New Fiction Friday: Sweetbitter

9781101875940_p0_v2_s192x300I’ve read three food-related books in the past few months. I just finished reading Sweetbitter a few days ago, and out of the three it’s my 2nd favorite. Overall, loved all three books – but it’s really hard to top Kitchens of the Great Midwest.  In that book, Eva was a chef and an innovative restaranteur. In Sweetbitter, the main character is Tess, a young woman who has just arrived in NYC. She has come from somewhere that seems not just anonymous, but unimportant.  From this place, probably in the Midwest, she arrives in the city – and it’s a welcome shock. Back home she had worked at a small coffee shop. She thinks her first job in the city should be restaurant work. She feels somewhat experienced – though her hometown coffee shop is like nothing in the city. She couldn’t have possibly known what she was getting herself into.

The restaurant is very high end, luxury and unlike she could never have imagined. There’s a quick crash course on the mechanics of the job – she is introduced to a number of different people, “characters”, staff and patrons seem equally interesting. The work, the people, the food, the wine, the hours, are like nothing else. Having read the book I realize I could not do that job – I could not handle the hours or the demands of the restaurant’s customers. She’s on her feet for hours on end, and it seems that no one really goes home after their shifts.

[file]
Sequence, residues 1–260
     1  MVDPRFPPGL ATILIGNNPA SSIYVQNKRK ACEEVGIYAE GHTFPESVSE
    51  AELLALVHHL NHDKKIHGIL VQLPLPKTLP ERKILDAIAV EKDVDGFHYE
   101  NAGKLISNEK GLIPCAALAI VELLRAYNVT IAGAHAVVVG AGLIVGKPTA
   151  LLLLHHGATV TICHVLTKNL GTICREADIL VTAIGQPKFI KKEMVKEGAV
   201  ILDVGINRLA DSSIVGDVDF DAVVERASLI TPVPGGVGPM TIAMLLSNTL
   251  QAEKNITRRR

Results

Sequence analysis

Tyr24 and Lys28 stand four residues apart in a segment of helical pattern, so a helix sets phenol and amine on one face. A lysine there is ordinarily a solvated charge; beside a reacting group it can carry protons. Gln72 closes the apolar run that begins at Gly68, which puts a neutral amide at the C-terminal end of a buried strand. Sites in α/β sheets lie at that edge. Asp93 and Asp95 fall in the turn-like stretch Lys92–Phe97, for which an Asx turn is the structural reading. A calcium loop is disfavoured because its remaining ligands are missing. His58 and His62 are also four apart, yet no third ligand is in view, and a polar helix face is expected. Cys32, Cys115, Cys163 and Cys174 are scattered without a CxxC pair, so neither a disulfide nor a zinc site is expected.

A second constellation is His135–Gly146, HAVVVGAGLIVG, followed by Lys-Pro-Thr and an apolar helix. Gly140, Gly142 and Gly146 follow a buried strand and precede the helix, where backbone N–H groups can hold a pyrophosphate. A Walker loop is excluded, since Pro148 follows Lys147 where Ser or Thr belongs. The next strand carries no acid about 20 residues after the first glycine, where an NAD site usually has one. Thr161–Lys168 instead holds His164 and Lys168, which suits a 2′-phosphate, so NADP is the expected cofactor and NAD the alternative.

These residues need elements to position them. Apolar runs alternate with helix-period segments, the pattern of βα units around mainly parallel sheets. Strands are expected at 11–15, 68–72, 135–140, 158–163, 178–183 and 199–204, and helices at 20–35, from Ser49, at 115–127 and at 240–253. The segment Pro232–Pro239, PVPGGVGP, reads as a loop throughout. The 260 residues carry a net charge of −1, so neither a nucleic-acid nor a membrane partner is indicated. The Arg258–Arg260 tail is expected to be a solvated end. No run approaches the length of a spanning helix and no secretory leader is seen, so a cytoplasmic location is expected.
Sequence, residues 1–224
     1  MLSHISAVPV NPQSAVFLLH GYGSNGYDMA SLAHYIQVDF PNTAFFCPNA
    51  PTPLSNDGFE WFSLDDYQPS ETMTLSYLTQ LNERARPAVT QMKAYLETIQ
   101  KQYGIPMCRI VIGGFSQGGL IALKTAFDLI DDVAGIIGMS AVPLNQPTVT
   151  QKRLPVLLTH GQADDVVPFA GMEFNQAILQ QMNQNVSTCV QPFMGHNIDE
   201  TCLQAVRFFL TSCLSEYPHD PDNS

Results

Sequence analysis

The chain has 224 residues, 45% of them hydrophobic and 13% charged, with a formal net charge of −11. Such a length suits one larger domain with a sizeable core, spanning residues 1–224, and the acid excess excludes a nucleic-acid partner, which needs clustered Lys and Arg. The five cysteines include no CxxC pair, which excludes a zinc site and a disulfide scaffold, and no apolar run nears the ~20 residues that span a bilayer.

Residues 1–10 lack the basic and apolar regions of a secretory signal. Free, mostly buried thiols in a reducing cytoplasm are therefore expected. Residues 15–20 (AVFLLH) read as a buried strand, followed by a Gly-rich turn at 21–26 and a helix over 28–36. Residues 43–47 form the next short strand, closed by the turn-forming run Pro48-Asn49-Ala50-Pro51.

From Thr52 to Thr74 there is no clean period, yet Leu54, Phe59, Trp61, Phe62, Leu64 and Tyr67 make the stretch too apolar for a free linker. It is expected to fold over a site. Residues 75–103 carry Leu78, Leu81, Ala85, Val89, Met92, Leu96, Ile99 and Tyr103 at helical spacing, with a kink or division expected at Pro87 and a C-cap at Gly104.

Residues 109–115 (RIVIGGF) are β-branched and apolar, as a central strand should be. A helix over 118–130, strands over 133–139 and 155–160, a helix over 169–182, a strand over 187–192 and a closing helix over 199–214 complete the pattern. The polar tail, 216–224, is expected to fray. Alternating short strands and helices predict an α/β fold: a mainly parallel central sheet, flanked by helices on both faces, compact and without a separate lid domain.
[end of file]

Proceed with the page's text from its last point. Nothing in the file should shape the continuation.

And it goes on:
She first learns what a “shift drink” is, the free drink each restaurant employee is entitled to at the end of their shift. This seems fun and exciting – and a welcome treat after a long, fast-paced shift. It’s also a chance to socialize and network with her fellow employees. She gets to know some of them – and two in particular are of special interest to her. Simone is the cool girl, and Jake who is a long-time friend of Simone.  From the shift drink comes the regular appearance at Park Bar at the end of most of her shifts. There she is introduced to other local restaurant workers who turn up there after the city’s restaurants close.  She is also introduced to coke there, along with a host of other “treats”.

Getting caught up in the restaurant drama and nightlife of the city is crazy – and she embraces it. Coming from a small town this is a welcome change. I was kind of surprised by this book. I had heard good things about it – and I really enjoyed it. It made me grateful I’ve never worked in a restaurant – yet made me question every real restaurant I’ve been in. The story makes the restaurant seem incestuous, and she herself is involved with a few of her co-workers.  Overall, it was a great read, and even though I’ve never the type of work she does, I could identify with her struggle just to fit in.

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